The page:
Thanks to a struggling economy, the golden anniversary of the AutoZone Liberty Bowl might be less than golden. Demand for tickets to the bowl's 50th anniversary matchup between Kentucky and East Carolina is less than for last year's Liberty Bowl.
Steve Ehrhart, executive director of the bowl in Memphis, said he anticipates Friday's crowd will be "in the mid-50,000 range," which he said is "pretty darn good."
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"I don't think we're going to have a sellout," Ehrhart said. "I want to send the message to Kentucky fans that they can still get good seats."
The 2007 Liberty Bowl set an attendance record of 63,816 when Mississippi State beat Central Florida, 10-3. That game also drew 15 million to 20 million viewers on television.
The 2006 and 2005 Liberty Bowls had crowds of 56,103 and 54,894, respectively.
By comparison, the 2007 Music City Bowl in Nashville between Kentucky and Florida State drew 68,661, a record and that bowl's second consecutive sellout at LP Field. It ranked ninth in attendance of all 32 bowl games. The 2006 Music City Bowl between Kentucky and Clemson attracted 68,024.
But the recession has dampened ticket sales for this year's Music City Bowl, too, according to The (Nashville) Tennessean, which reported Sunday that 51,000 tickets had been sold for Wednesday's game between Vanderbilt and Boston College.
"Bowl games are down everywhere," said Kenny Schonburg, vice president of Champion Sports Tours of Jeffersonville, Ind. "It's down nationwide. I'd say the majority of it is the economy, but I'm sure some of it is driven by the fact that the team (Kentucky) is 6-6. But UK fans always support their teams, one way or another."
Last year Champion arranged for more than 500 Kentucky fans to go to the Music City Bowl, either driving them from Lexington and Louisville to Nashville via a motorcoach package or by arranging a "land package" for hotel and tickets.
But Champion canceled its motorcoach package to the Liberty Bowl this year because there simply wasn't a demand, Schonburg said. Champion still arranged land packages for "around 100" fans, Schonburg said.
"It is down quite a bit from last year, that's for sure," he said.
UK football spokesman Tony Neely said he anticipates that 10,000 Kentucky fans will be at Friday's game. UK had an allotment of 12,000 tickets.
"I think we're doing OK, all things considered," Neely said. "I think the economy is playing a major role. If you look at bowls around the country, some of the bowl sales are really down. So we feel good about where we are."
Neely noted that the Music City Bowl was close enough that fans could leave from Lexington and return home on the same day. "But this year's trip is going to require at least one overnight stay because of the driving time involved," he said.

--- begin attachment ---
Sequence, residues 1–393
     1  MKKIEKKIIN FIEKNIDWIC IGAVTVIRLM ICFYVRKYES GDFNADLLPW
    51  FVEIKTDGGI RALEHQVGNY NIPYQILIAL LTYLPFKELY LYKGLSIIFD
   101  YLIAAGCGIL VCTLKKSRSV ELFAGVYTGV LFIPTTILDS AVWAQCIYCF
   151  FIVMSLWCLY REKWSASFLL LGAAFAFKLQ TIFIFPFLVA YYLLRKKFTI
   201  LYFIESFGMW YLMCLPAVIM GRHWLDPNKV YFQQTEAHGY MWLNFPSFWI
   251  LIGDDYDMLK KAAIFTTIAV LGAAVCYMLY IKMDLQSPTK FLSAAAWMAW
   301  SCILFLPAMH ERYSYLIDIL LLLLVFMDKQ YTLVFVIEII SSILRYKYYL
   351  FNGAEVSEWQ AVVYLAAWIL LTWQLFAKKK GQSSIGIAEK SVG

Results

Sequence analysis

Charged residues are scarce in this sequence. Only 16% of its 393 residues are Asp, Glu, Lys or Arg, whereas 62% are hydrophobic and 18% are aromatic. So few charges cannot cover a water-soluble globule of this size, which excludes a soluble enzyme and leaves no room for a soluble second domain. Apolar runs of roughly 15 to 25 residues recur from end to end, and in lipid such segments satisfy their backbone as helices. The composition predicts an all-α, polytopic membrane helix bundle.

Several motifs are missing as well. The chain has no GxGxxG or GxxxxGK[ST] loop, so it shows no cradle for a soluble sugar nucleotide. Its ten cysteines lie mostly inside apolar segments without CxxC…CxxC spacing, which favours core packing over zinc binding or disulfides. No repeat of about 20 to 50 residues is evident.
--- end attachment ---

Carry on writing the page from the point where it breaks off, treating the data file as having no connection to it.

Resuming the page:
Meanwhile, Ehrhart said some Kentucky fans were under the impression that Friday's game had sold out.
"We got some calls over the weekend from people in Lexington saying, 'Well, we thought it was all sold out and we couldn't get tickets,' " Ehrhart said. "In fact, it was one of the relatives of one of the players and they were excited that they could still come down."
Ehrhart said he didn't think the 6½ -hour drive from Lexington to Memphis would dissuade UK fans.
"I've driven up from Memphis to Lexington several times," he said. "We want to encourage people to go ahead and make the decision and come down."
Other factors contributed to last year's record attendance at the Liberty Bowl. For one thing, Mississippi State had not been to a bowl since 2000. And there was some excitement, too, because last year's bowl had Central Florida running back Kevin Smith, then the country's leading rusher.
And Mississippi State's Sylvester Croom Jr., the SEC's first black head football coach, was going to his first bowl game as a coach. (Croom resigned in November.)
Whatever the reason for the lesser demand, downtown Memphis is already seeing Kentucky fans come to town, said Kelly Earnest, director of public relations for The Peabody hotel. The Memphis landmark, famous for the ducks that waddle to a lobby fountain, is the official team hotel for Kentucky. And its 464 rooms are sold out.
"I think we're finding out that people are coming in early to celebrate the New Year," Earnest said. "We have a big New Year's Eve party here at the hotel, and they're staying on through the game."
Tuesday is the last day that bowl tickets will be available to the public at the UK Ticket Office in the Joe Craft Center, 338 Lexington Avenue, behind Memorial Coliseum. The office is open from noon to 4 p.m. Tuesday. Tickets are $50.
You can also get tickets by calling the Liberty Bowl Stadium in Memphis at (901) 795-7700 or by going to ticketmaster.com. Tickets might also be available on the day of the game at the stadium ticket office. For information, go to www.libertybowl.org.